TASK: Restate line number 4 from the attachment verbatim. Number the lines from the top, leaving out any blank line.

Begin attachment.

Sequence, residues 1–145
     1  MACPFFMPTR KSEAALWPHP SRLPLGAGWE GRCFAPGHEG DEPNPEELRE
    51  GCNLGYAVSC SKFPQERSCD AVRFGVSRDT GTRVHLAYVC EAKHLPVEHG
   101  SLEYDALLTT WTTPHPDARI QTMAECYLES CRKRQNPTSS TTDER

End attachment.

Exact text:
   101  SLEYDALLTT WTTPHPDARI QTMAECYLES CRKRQNPTSS TTDER